I think it comes down to one person, and surprisingly enough, he is my uncle, my mom’s brother, and the only reason I left India was because of him. When I completed my high school he was in Navsari, India. He got me to work at this factory so I could gain some outside world experience, so I ended up there from 1988 to 1991. This was a turning moment in my life and the reason I am here today. If this journey never happened, my whole life would have been a different story-so everything boils down to that one decision where my uncle called my parents and I, and that is how everything transpired.
The hotel business is a conglomeration of different people, day in and day out. What do you agree with the most?
Sometimes you have to resist the pressure.
Revolt for discipline/principles
Proactively understand the views of the people (customers, staff, employees).
Sometimes you have to resist pressure, especially from the customer or the guest of the hotel. Some things are outside of the hotel’s control, whether it is the weather or the electricity or the food delivery, and the only person the guest can take it out on is the person at the front desk. Sometimes the front desk and management have to take a step back and apologize, knowing that there is nothing they can do to please the guest, but if we have rudely racist remarks or aggressive guests, we have to tell them to leave, call the police, or simply ban them from the hotel. I have to stand by my staff and my GM that we shouldn’t accept less than acceptable behavior from guests. Even if it’s a bigger account, we have to put the safety of the staff as our primary goal without any evaluation of the finances. With staffing, we have different age groups, different ethnicities, and different skill sets as well. That’s where it becomes an interesting and fun place to work as well, with all the different personalities and different balancing. It’s impossible to treat everyone the same, because not everyone is the same—different personalities, backgrounds, and skill sets—understanding all the views, but when we have candid conversations and understand each other—we won’t always agree, but we can express ourselves.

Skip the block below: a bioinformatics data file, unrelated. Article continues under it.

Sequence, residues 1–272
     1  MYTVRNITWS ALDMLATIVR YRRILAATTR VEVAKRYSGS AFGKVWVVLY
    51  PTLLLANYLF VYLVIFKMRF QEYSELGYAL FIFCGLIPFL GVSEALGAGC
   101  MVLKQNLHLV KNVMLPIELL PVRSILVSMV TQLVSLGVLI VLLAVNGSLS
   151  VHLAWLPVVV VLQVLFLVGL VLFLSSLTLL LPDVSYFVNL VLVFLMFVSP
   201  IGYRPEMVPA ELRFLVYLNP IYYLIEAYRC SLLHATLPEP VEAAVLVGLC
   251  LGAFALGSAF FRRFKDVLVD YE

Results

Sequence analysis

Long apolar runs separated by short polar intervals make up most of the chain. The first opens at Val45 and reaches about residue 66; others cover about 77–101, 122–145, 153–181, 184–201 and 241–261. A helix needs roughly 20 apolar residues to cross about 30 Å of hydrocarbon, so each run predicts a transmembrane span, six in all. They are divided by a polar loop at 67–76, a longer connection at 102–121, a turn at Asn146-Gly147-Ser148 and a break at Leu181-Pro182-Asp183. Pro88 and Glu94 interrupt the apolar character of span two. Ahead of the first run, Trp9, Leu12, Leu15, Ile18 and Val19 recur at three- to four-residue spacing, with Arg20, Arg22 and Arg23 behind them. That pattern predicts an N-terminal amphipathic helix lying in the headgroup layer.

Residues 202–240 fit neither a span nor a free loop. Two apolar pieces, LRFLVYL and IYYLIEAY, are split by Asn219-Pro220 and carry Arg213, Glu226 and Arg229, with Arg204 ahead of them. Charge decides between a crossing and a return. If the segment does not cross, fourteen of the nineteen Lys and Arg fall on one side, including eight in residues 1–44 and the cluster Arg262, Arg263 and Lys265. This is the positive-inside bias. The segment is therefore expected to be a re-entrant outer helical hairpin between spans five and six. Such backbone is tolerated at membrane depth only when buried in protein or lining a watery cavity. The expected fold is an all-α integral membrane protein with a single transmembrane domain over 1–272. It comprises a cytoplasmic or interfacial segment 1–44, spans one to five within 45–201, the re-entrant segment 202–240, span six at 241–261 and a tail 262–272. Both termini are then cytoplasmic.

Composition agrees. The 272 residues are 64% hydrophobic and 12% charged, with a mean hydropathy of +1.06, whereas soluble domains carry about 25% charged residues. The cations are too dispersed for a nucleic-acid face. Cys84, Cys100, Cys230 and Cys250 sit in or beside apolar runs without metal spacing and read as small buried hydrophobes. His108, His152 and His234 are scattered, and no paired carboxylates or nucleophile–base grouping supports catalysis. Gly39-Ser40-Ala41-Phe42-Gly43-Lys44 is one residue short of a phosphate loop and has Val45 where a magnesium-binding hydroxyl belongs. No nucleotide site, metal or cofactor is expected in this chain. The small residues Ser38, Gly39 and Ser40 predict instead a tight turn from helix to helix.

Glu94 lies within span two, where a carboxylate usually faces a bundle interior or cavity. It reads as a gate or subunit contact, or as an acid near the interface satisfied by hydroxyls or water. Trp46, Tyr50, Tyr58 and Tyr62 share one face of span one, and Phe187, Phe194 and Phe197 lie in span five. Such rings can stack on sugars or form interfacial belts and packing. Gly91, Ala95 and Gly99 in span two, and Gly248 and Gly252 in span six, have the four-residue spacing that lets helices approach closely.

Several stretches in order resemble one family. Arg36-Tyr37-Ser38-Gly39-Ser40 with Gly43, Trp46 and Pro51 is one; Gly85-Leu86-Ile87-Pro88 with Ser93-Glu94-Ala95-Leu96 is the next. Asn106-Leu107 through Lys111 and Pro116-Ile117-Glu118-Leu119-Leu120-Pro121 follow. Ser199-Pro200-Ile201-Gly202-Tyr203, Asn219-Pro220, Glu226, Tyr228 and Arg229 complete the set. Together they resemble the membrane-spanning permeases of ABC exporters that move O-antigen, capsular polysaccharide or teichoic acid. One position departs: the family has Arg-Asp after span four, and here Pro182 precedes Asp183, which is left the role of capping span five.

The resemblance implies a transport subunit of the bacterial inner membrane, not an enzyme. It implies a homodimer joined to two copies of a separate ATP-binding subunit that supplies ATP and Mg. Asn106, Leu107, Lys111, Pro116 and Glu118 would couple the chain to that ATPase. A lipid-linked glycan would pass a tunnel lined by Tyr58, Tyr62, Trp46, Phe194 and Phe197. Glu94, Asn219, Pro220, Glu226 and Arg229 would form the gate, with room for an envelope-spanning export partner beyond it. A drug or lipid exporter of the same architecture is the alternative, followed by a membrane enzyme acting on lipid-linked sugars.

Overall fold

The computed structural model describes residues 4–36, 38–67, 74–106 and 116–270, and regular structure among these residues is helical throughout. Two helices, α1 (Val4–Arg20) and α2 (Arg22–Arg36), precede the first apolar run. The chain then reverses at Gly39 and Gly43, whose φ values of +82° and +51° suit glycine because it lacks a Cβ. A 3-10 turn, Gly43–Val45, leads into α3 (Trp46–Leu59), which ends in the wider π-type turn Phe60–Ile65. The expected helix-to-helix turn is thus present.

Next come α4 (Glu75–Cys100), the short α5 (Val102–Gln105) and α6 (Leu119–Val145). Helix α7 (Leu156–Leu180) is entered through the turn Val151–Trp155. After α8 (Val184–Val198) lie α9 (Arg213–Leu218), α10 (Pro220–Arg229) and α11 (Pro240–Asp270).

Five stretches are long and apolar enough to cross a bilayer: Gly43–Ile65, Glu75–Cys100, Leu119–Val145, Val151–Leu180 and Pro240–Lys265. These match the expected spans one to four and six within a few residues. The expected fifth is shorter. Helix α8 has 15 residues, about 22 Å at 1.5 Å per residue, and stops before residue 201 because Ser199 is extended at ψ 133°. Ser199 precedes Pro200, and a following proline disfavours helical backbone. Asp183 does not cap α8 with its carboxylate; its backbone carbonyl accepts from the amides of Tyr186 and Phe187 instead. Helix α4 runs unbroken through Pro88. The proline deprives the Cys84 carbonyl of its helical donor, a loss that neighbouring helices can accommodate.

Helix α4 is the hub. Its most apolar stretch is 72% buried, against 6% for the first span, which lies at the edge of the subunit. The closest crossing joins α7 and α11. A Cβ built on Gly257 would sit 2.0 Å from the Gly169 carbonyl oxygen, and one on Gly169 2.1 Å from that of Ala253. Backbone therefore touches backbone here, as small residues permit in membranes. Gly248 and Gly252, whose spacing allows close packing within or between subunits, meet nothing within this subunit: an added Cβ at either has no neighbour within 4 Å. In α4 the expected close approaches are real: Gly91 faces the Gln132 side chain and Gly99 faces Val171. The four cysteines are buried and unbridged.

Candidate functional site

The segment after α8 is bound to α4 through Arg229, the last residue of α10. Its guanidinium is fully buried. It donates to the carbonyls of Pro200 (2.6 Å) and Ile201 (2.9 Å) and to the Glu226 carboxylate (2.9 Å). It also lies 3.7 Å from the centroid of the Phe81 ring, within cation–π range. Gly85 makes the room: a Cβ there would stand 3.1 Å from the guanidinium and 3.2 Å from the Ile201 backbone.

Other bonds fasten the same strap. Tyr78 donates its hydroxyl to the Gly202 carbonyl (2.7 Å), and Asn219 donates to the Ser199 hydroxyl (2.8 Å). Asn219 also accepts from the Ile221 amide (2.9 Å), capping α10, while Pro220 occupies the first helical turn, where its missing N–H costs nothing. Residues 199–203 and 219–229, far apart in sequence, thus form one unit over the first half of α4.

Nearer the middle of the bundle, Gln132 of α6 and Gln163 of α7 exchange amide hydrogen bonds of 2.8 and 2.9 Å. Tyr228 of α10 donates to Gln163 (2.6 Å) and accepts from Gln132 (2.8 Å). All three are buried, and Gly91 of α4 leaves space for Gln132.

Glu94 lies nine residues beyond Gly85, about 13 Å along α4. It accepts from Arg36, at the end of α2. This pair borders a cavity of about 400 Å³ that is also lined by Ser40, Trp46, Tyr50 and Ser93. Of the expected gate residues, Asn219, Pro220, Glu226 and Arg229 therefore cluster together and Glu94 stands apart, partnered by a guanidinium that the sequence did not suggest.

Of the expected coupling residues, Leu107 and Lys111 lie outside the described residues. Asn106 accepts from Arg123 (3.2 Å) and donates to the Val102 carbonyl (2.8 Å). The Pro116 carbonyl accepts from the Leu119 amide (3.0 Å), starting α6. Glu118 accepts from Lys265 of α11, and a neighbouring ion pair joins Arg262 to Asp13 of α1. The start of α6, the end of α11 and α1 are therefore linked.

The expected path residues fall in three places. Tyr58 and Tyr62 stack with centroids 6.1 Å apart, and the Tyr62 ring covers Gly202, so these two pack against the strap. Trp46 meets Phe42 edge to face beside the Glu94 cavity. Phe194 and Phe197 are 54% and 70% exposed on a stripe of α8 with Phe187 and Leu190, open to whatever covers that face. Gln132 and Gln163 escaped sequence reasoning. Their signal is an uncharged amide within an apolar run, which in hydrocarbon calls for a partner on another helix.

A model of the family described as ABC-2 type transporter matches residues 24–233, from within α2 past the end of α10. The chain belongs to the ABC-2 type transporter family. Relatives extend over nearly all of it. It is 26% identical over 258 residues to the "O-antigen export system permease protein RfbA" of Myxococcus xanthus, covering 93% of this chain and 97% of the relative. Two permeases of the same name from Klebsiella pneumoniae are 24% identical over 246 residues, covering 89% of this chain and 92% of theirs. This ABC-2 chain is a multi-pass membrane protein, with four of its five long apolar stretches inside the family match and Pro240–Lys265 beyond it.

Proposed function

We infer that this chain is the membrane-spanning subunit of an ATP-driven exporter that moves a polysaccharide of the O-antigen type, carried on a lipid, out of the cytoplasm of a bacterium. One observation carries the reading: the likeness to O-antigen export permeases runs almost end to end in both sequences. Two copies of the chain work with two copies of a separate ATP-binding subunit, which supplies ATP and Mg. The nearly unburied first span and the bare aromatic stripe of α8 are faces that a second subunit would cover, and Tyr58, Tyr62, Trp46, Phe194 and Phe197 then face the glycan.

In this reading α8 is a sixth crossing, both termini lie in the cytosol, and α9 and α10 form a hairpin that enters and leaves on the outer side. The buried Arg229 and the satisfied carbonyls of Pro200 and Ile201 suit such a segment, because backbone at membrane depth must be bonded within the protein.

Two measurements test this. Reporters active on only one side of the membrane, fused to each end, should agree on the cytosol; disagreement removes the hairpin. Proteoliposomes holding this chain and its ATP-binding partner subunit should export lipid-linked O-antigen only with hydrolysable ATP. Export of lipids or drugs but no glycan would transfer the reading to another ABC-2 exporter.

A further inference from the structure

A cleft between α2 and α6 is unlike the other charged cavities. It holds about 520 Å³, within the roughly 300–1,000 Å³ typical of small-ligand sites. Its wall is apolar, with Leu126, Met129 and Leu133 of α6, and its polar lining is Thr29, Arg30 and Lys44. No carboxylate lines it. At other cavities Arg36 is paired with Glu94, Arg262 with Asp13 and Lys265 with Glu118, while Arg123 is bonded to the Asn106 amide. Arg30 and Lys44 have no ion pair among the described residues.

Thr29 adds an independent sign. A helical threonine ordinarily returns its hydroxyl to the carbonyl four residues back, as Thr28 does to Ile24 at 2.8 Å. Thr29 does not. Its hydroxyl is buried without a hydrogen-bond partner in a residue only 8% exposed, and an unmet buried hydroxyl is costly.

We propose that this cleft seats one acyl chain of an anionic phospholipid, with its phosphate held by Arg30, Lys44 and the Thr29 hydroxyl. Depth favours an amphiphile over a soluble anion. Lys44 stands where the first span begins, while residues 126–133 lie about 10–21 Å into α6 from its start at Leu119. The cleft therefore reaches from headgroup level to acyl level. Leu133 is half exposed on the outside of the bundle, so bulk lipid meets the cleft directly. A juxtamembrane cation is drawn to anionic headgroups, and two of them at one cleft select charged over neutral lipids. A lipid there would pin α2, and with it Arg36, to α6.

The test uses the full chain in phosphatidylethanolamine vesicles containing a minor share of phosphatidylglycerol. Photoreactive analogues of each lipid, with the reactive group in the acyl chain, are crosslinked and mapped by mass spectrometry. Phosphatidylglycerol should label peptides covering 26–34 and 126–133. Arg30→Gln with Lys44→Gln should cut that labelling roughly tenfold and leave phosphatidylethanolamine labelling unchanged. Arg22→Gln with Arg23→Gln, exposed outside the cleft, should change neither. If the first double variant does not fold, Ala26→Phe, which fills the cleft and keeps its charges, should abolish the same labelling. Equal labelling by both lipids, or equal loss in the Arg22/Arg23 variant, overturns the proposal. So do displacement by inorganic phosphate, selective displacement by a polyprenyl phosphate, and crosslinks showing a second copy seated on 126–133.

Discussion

What gives QHOTELS a competitive edge?
We are a group of four partners that have skill sets in all different categories. So we have a general contractor license, we are the developers, we operate our own hotels, and we take care of any items on that part, and we do 3rd party management as well. One partner handles rebuilds and construction, the other handles some of the contractors and pricing on that. I take care of the bulk of the work with the financiers and lenders side of it, brand relations, operations, technology, so that is how we balance things. Since we have these multiple aspects of it, we understand third party managers’ problems as well, because we ourselves are owners, so that gives us a competitive advantage too. We are able to procure competitive pricing with vendors, lenders, and insurance companies as well. We do everything in-house, getting the most of your bottom line worked out.